Small first aid kit

You will be able to buy everything you need in Spain. So just bring a few things you already own if you like.

  • Pain killers
  • Bandaids and antibiotic cream
  • Athletic tape
  • Small scissors
  • Knee or ankle support

Electronics, cameras, books and entertainment

Just bring one thing: your smart phone. Your phone is your camera, your guidebook, your music, your books, your way to connect with home.

And an adapter for Europe. Don’t carry a universal adapter. They are very heavy.

Part 2: Packing hacks and tips

Trail Shoes

Spare no expense on your main walking shoes.

My first Camino I brought light, well-broken in hiking boots with ankle support and waterproofing. My entire feet became covered in blisters. Don’t make the same mistake! The Camino is a walk. A very hot walk in the summer. Mostly along well-trodden dirt and gravel paths. Often along sidewalks and roads.

This time, I brought trail runners. There is saying that 1 pound of weight on your feet is like 5 pounds on your back. So I chose my shoes by picking up all the trail runners in the nearest outdoor store store. I tried on the lightest ones.

I also looked for tons of ventilation. I bought the ones that fit best in a slightly larger size. Your feet may swell on the Camino, as you are so hot!

Trail runners are not designed to last that long, so don’t go overboard on breaking them in. I mean, by all means try them out and make sure they work. But save the miles for the Camino.  My shoes were completely destroyed by the end of 800 km.

Walking sandals

My secondary pair of shoes were walking sandals. I bought Teeva shoes because they are very lightweight and also sort of attractive. Chacos are also popular because they are so sturdy. But they are much heavier.

Walking sandals are better than flip flops, because you can also walk on the Camino with them too if you get tired of your main shoes. And they are more supportive when you’re walking around town.


Bring two different pair, in case one style doesn’t work well on the Camino. It’s hard to test what will work ahead of time, as it’s hard to replicate conditions of the Camino at home.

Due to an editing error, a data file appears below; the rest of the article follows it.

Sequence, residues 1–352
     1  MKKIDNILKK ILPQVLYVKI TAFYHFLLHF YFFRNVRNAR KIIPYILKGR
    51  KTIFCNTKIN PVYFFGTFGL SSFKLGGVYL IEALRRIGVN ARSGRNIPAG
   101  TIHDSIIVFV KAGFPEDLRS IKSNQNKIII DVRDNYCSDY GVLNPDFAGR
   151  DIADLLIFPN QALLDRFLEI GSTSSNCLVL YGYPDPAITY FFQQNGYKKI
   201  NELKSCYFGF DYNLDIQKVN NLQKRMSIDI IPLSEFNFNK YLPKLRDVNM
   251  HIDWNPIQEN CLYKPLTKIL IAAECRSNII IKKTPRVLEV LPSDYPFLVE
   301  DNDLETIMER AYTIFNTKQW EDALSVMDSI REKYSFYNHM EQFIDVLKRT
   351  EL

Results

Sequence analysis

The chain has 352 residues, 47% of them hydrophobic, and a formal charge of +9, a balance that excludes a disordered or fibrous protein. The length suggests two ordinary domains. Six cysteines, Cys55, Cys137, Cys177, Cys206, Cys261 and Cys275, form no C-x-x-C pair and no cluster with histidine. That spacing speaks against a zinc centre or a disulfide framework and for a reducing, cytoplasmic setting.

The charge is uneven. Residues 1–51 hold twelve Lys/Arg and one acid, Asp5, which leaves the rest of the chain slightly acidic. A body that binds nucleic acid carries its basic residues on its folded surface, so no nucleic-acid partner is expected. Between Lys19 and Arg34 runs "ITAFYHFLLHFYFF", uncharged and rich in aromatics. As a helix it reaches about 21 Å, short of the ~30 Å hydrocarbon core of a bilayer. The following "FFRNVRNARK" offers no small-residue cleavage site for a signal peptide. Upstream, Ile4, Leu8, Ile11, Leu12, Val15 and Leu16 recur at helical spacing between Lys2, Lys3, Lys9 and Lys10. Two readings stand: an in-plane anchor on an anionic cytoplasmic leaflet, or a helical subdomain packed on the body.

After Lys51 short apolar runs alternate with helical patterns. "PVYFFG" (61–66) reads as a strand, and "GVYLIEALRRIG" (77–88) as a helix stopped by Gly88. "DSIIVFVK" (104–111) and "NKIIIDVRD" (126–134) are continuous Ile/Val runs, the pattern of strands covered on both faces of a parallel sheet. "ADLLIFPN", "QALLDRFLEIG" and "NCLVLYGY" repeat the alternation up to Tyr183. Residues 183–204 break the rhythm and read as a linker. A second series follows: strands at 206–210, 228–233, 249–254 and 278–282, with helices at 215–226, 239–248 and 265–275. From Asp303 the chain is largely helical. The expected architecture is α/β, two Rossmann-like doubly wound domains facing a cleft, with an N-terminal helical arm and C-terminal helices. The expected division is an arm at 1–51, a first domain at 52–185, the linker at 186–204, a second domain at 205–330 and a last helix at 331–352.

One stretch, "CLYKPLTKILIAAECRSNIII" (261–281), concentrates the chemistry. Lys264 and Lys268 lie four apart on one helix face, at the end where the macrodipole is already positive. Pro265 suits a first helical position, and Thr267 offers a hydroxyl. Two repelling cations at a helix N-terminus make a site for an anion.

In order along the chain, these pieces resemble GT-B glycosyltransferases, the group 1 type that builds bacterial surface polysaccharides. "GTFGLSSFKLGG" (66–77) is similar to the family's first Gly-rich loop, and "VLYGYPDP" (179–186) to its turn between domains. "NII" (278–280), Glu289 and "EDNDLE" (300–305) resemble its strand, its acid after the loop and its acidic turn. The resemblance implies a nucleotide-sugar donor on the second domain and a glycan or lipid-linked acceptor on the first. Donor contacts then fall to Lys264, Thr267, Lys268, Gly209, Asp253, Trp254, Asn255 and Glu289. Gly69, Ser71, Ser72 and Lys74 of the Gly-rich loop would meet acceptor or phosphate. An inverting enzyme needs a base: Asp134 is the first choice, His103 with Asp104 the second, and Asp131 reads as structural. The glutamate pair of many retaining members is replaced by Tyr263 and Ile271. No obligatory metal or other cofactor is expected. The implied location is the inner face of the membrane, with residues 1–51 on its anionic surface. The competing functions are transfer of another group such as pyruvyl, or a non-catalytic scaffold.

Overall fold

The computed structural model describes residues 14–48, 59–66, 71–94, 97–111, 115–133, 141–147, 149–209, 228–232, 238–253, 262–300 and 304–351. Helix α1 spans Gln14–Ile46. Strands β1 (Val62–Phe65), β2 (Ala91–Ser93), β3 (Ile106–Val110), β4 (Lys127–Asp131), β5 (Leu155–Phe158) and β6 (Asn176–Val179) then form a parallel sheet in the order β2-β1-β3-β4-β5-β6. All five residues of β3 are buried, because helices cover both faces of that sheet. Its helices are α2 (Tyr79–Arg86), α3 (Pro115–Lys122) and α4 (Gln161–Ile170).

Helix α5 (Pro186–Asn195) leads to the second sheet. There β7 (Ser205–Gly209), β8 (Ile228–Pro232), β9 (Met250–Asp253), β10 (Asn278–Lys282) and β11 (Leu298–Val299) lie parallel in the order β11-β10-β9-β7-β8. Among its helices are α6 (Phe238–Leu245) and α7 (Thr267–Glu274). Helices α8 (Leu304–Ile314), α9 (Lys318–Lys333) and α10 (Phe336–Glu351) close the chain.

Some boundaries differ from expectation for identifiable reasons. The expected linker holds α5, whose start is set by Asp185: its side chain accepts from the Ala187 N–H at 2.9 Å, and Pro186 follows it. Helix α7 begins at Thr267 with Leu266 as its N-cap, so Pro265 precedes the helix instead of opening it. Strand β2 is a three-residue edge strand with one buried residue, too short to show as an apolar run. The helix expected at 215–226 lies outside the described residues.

You need two pairs of socks because you are going to switch them in the middle of the day when they get drenched in sweat or rain.

You don’t need more than two pairs because you are going to wash them in the sink every day.

Side note: It’s so important to keep your socks and your feet clean! I washed my feet twice a day, in addition to my daily shower. Infections, salt rash and blisters are really quick way to being miserable and even ending up in the hospital.


After shoes, this is the next most important piece of gear.

Your bag should not be bigger than 30-35L. Or else you have way too much stuff. Or you have special circumstances like carrying medical equipment or stuff for someone else, like your kids or someone dependent on you.

The bag needs to have hip straps. It should be as lightweight as you can afford. Mine is an women’s Osprey Tempest 30.

Women specific bags are smaller & fit shorter people better. It’s not just about the colour.

Get professional help fitting a bag at a reputable outdoors store, if you haven’t bought many before. Don’t let them sell you a higher volume bag. These larger bags are also much heavier! And you will fill it up with stuff…


Spend the least amount of money on clothes as possible. Avoid buying new stuff because you are going to completely destroy your clothes. Also make sure you really love how they look and feel. You’ll be seeing a lot of them. Synthetic get really smelly in a way that you cannot wash out. Wool does not. You should not hike in cotton, but its OK for town and sleeping.

Also do not bring TWO or more of anything besides underwear and socks. You are going to hand wash clothes every day along with everyone else.